Cats can get high blood pressure, too. According to the Cornell Feline Health Center, kidney and thyroid disease are the most common causes. High blood pressure can also lead to changes in the brain that might cause signs of dementia or worsen existing dementia. Your veterinarian can take a blood pressure reading to help rule this out.
Deafness and Sensory Decline
Deaf cats don't know their own meow volume. This can factor into cognitive dysfunction, much like it does with older people who tend to become more disoriented when auditory cues in the environment become less perceptible to them. In much the same way, blindness will also contribute to an older cat's confusion, typically deepening it even more dramatically than deafness.
Arthritis or other causes of Chronic Pain
It's really hard to identify pain in cats since most cats don't carry on like humans do when they're uncomfortable. Most choose to hide their discomfort as a survival mechanism. However, older cats who suffer from pain and dementia may show more signs than others. They may resist being petted, seem more "off," aggressive, anxious or vocal.
Brain Tumors or Other Neurological Conditions
Brain tumors are a possibility for older cats who show signs of dementia. Tumors can lead to seizures and collapse, but all kinds of abnormal behavior such as incoordination or reacting to 'invisible' objects are suspect, too. Many other neurological diseases can also lead to signs similar to those seen in cats with dementia.
How to Help Your Older Cat
Any senior cat with signs of dementia should ideally be tested for all the diseases that can mimic or accompany it. If your cat is suffering from feline dementia or confusion, here's what you can do to keep her safe and comfortable:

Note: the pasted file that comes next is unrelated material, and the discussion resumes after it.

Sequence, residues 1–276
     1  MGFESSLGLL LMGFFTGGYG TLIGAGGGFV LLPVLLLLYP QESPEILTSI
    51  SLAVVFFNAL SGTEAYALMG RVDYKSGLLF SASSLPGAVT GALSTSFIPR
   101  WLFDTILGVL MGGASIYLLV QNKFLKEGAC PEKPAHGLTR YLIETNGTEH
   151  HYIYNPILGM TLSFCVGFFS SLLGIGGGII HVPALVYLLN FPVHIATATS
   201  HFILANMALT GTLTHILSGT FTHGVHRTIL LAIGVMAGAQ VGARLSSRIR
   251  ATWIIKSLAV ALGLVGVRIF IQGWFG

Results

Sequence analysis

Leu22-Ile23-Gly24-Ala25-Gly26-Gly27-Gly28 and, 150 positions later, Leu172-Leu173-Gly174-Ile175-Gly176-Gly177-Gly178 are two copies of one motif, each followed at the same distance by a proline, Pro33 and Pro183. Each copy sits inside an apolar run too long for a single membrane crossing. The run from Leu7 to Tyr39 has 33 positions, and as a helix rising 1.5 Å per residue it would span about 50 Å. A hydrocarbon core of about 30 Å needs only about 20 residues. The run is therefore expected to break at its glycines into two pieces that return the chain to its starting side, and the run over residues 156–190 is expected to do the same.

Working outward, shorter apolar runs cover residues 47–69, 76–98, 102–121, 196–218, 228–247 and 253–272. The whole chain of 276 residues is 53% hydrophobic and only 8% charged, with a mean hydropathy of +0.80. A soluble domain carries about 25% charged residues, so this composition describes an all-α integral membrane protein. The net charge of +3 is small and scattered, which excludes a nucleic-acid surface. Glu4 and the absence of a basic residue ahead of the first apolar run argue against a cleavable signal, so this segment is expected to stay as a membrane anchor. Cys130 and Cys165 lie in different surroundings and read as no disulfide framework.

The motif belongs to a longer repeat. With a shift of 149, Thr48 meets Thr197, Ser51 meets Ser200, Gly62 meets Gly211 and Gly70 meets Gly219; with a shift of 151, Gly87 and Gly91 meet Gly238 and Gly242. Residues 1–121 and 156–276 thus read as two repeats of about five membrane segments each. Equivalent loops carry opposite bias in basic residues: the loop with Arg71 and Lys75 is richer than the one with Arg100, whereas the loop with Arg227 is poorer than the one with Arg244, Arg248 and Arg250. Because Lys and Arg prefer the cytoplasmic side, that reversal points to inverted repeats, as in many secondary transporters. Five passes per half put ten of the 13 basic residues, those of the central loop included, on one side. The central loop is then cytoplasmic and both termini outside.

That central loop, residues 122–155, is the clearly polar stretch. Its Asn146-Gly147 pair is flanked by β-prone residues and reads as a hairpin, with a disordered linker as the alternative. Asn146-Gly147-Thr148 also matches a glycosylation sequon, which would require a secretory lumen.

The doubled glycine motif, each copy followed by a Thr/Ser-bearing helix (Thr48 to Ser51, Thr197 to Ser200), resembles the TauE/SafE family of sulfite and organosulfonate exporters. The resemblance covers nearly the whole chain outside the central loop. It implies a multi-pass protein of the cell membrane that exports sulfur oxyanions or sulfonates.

- Keep her indoors and be aware of roaming.
- Maintain a regular feeding and home lighting schedule to help keep her oriented.
- Avoid major household changes (such as adopting a new pet or moving).
- Food with vitamin E and antioxidants are important nutrients for brain health.
- Make litter boxes extra-accessible with a ramp or a shallow tray.
- Offer simple geriatric cat niceties like extra beds and accessible warm spots.
- See your vet for regular care.
It's critical for any cat who shows any of signs of dementia to see a veterinarian as soon as possible. It's important for pet parents to know that their cats are not "just getting old" — they may be experiencing a true disease that requires a little extra care, and because it's not as easy to determine if your cat is confused as it is in humans, understanding your cat's normal behavior is a critical first step in diagnosing cat dementia.
Dr. Patty Khuly
Dr. Patty Khuly is an honors graduate of both Wellesley College and the University of Pennsylvania School of Veterinary Medicine. She received her MBA at The Wharton School of Business as part of the prestigious VMD/MBA dual-degree program. She's now the proud owner of Sunset Animal Clinic in Miami, Florida. But that's not all. Dr. K is a nerdy reader, avid knitter, hot yoga fanatic, music geek, struggling runner, and indefatigable foodie. She lives in South Miami with three dogs, countless cats, two rescued goats and a hilarious flock of hens.